To our knowledge, this is the first prospective trial that aimed to identify suitable ERCP timing and the distribution of CBD stone sizes, as observed during single-stage, retrograde, endoscopic stone removal in patients with acute cholangitis and to compare differences between the mild and moderate stages of acute cholangitis that may affect treatment strategy. The most worrying issue under review in this investigation was whether direct stone extraction in mild to moderate acute cholangitis would increase complications, such as bleeding and pancreatitis. The institutional review board and ethics committee recommended that we adopt standard prevention strategies to reduce injuries, such as guidewire-based selective cannulation, long-term dilatation during EPBD, pancreas duct stenting, indomethacin use, aggressive hydration, and PPI administration.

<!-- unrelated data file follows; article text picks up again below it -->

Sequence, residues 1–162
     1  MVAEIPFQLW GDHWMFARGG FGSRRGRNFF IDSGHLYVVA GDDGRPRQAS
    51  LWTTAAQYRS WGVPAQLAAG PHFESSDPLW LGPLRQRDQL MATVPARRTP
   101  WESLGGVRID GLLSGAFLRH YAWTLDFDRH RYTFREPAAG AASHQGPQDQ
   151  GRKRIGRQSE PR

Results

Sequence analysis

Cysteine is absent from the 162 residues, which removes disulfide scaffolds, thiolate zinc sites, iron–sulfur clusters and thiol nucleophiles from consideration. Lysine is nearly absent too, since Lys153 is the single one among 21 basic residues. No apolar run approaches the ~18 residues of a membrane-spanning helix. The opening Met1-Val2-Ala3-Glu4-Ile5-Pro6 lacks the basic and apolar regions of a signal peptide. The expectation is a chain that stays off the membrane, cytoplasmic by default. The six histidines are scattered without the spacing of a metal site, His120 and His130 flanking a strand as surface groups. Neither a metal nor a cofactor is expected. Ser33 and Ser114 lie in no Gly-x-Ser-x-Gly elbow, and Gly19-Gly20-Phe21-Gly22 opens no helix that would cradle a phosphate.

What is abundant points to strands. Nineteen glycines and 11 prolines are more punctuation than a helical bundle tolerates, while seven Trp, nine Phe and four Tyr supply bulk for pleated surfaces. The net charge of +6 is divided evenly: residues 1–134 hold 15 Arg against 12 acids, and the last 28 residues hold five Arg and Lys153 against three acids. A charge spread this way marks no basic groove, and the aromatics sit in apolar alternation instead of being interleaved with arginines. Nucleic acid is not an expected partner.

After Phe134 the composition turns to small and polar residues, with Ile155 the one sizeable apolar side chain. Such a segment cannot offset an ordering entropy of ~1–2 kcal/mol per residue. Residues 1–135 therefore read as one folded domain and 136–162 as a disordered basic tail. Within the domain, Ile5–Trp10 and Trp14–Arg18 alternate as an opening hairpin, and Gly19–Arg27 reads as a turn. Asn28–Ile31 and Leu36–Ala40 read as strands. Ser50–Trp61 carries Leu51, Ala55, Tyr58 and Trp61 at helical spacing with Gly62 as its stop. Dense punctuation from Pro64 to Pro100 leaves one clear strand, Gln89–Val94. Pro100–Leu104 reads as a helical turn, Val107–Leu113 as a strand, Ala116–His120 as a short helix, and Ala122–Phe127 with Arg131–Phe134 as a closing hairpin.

Endoscopists skilled in ERCP can clear CBD stones successfully after EST in the early stages of mild cholangitis. However, adding EST may introduce a higher risk of unforeseen complications, such as bleeding (4–14.5%) (19, 20). Acute cholangitis seems to be an independent risk factor for post-EST bleeding (14, 21). Therefore, biliary drainage without sphincterotomy is recommended in patients with severe acute cholangitis (19). In a national, population-based study by Hung et al. (22), EPBD was the preferred method to decrease the risk of post-ERCP hemorrhage, especially in patients with liver cirrhosis or impaired renal function. Thus, we typically opt for EPBD (~ 90%) for stone removal in cases of acute cholangitis to reduce bleeding events. In this study, there was no case of post-EST bleeding (0/27; 0%), not even among the seven cases with transbiliary EST, eleven cases with fistulotomy, seven cases with limited precut EST, or the patient who received transpancreatic EST. One patient did experience mild bleeding after EPBD. The bleeding risk of EST in mild and moderate cholangitis may, therefore, be minimal and acceptable. Similarly, Ito et al. (7) associated no complications, such as pancreatitis, bleeding, or perforation, with procedures performed by experienced specialists concerning immediate EST for acute suppurative cholangitis. In our study cohort, there was an acceptable PEP complication rate (5/138; 3.6%) with the use of standard prevention strategies.